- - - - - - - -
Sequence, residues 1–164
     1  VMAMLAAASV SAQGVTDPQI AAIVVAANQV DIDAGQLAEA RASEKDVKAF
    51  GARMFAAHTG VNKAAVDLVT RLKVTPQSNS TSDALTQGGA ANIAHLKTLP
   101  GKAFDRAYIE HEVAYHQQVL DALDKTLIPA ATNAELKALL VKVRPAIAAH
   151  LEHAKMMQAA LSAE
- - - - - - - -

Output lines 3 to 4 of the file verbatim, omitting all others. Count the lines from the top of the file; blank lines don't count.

    51  GARMFAAHTG VNKAAVDLVT RLKVTPQSNS TSDALTQGGA ANIAHLKTLP
   101  GKAFDRAYIE HEVAYHQQVL DALDKTLIPA ATNAELKALL VKVRPAIAAH